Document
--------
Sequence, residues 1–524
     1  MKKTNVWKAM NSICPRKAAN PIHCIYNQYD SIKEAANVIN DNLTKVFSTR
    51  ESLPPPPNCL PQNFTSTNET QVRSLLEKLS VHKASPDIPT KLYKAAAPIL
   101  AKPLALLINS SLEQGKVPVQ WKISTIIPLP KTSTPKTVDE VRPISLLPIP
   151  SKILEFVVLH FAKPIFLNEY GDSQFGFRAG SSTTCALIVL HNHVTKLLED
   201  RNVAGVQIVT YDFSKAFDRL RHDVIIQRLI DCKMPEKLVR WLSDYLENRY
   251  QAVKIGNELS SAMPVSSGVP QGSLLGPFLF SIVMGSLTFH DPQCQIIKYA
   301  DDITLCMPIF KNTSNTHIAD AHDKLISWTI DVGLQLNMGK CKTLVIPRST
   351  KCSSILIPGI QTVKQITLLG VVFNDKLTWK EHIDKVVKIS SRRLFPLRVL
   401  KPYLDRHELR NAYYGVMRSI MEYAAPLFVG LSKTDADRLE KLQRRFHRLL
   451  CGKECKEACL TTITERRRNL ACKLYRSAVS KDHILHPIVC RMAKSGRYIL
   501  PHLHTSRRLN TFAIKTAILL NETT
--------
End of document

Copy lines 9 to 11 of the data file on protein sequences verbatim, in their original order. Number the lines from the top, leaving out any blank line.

   351  KCSSILIPGI QTVKQITLLG VVFNDKLTWK EHIDKVVKIS SRRLFPLRVL
   401  KPYLDRHELR NAYYGVMRSI MEYAAPLFVG LSKTDADRLE KLQRRFHRLL
   451  CGKECKEACL TTITERRRNL ACKLYRSAVS KDHILHPIVC RMAKSGRYIL